You don't actually see them that often. We never wanted the film to be a special-effects, cartoony movie. It is very much grounded in the point of view of the people living in the city who don't see the aliens that much. They are captured more in an omnipresent feeling than having big, bad, scary aliens everywhere. So when you do see them, it is more impactful. There were two basic aliens we shot. The spiky aliens were men in grey-suits, as I mentioned. For the hunters, we had six foot, six-inch tall guys wearing massive suits. There were no effects.
How did the creative team land on the film’s visual tone?
Creating the palette was a collaboration between Rupert, myself, our production designer, and our costume designer, Abby O'Sullivan—and also my colorist Tom Poole. We wanted to shoot in Chicago in the winter and let that look guide us in terms of the palette. Originally we were hoping for lots of snow to make it a sort of black-and-white movie. We did not get any snow but we did get a very cold Chicago winter which felt very bleak. These people are living in a bleak world—but they still have life. We wanted their world to feel gritty, rundown, and dark, but in the interiors you would find a lot of warmth and character. While the color palette was very controlled, we wanted to give the feeling that these characters were trying to make the best of it during unfortunate times.
What were the colors emphasized in the palette?
We went more towards greens, grays, and browns. I did a series of camera tests with hair and makeup, costumes, and locations, and then developed a look with the colorist that fit. The movie was 80% colored before we even got to the colorist. We wanted to make it feel cold and dirty. This place has gone back in time. Digital devices are gone. Everything is analog. We wanted a tactile feeling so that everything felt very lived in. Not clean. Even the halls of power are concrete. Even though they have clean lines, there is no metal, just concrete. We found a working-class neighborhood in Chicago called Pilsen and took inspiration from the colors there—lots of browns and reds. Overall the pallete was that blue-green quality that you get in the air on a very cold winter's day. I leaned into that.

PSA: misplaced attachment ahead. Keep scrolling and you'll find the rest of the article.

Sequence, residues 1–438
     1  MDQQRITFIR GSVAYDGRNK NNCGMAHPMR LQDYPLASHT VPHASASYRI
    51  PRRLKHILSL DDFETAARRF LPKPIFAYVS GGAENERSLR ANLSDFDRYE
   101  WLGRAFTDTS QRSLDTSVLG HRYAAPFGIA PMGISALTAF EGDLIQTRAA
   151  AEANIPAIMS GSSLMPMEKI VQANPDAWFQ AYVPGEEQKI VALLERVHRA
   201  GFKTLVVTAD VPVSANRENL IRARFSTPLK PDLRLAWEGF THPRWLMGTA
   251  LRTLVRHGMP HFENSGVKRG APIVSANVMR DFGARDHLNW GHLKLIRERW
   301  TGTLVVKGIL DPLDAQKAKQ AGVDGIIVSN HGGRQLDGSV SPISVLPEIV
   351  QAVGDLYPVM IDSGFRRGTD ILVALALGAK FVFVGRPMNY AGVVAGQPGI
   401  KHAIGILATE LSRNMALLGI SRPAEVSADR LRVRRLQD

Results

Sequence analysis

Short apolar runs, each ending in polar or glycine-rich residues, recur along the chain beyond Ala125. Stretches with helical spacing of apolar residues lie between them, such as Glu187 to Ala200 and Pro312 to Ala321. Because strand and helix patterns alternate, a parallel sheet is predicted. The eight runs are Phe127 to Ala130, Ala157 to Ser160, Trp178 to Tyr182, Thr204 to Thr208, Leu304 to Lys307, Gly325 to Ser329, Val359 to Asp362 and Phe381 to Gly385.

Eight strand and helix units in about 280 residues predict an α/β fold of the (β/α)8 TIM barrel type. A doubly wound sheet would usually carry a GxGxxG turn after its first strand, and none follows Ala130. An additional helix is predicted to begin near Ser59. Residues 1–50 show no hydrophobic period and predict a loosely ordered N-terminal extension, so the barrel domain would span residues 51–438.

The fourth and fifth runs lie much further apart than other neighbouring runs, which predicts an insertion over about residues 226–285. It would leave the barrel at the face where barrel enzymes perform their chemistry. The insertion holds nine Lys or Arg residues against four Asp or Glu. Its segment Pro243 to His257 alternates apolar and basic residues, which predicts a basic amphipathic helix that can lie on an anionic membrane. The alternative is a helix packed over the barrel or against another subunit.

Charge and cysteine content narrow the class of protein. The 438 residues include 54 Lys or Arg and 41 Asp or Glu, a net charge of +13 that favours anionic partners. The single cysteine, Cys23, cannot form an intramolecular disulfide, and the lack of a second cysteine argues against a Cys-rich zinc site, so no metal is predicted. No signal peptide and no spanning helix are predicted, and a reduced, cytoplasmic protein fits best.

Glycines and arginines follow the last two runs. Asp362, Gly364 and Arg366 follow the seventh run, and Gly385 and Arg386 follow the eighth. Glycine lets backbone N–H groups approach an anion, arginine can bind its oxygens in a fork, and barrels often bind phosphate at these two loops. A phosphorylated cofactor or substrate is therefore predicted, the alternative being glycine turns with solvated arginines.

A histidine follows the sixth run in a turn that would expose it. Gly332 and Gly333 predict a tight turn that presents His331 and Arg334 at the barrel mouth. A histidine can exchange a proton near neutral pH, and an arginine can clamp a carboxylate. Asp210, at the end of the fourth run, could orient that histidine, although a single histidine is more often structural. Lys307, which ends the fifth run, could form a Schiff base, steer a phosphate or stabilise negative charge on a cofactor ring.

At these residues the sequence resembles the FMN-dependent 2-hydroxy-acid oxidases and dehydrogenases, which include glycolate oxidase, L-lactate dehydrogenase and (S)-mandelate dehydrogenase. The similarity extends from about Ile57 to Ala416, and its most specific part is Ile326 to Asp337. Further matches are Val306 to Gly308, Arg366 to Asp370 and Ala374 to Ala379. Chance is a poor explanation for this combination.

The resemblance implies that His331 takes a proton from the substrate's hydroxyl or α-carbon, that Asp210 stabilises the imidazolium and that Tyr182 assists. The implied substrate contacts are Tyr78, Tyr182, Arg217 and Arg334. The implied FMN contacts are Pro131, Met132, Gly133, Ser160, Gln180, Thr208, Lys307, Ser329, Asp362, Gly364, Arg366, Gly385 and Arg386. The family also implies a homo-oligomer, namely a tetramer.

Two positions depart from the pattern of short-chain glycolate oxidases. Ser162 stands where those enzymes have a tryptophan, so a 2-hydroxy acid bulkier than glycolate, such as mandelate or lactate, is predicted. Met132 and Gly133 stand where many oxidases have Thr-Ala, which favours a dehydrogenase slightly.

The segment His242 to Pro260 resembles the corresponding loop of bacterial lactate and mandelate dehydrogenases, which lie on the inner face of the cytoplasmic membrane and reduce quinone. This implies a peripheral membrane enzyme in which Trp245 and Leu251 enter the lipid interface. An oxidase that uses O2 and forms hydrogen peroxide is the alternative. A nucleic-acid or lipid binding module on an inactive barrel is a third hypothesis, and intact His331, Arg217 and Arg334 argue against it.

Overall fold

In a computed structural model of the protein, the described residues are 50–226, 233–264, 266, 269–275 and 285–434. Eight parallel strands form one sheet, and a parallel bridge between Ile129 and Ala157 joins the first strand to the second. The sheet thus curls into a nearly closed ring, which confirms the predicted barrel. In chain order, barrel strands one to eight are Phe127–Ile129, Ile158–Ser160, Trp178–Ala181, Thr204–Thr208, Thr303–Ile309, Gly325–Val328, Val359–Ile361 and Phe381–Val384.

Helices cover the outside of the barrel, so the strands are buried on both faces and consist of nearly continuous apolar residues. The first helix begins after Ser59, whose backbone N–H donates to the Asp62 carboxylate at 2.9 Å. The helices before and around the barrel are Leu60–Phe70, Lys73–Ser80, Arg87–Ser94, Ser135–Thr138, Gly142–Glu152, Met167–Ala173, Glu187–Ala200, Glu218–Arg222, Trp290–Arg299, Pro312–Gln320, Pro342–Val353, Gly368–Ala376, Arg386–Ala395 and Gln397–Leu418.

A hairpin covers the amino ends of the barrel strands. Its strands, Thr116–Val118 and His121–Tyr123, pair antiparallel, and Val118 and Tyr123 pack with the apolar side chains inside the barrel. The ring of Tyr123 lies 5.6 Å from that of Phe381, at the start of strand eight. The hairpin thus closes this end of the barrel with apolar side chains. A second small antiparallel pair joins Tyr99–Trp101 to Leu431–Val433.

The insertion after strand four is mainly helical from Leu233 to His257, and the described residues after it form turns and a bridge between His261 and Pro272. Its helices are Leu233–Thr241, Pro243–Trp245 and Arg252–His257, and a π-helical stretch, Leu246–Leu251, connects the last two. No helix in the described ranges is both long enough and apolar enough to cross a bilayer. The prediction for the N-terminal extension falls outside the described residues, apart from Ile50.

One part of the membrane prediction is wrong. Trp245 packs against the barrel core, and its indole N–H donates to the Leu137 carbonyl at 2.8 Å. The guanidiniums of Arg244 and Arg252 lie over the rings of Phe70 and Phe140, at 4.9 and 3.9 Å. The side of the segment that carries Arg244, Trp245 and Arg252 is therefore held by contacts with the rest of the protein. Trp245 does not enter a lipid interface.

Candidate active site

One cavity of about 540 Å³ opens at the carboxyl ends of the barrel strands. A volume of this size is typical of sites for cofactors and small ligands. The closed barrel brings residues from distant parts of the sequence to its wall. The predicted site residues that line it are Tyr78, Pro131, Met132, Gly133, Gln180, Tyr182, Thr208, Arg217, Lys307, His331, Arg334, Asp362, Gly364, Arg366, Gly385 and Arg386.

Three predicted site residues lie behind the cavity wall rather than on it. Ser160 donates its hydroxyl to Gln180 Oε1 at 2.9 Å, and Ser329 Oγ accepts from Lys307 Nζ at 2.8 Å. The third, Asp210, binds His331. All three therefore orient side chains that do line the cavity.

In the film, you include video that shows life before the invasion. How did you style that footage?
That was really fun. I went out and bought the lowest quality video camera I could find at Best Buy to shoot the scene on. We wanted it to feel like a real home video instead of something shot on a cinema camera and dumbed down later in post. Like everything else in the movie, we want things in camera rather than created later. It ended up being this big choreographed number where I was holding the camera as if I was a guest at the party. I shot in on this really small handycam. At the end, John [Goodman] pans around to show himself by folding my hands inside his and pointing it at himself. When we shot that scene, I really wanted it to feel like a happier time that was full of hope. I overexposed those scenes to give it this quality that was both amateurish in its execution and hopeful in its feeling.
This is a very unique sci-fi story that is at once dark and inspiring. What do you hope audiences take away?
I hope that they can see parallels to the real world. I want people to have a sense of hope. If you want to see change, you have to fight back and do something about it. That is a good message to take from the film.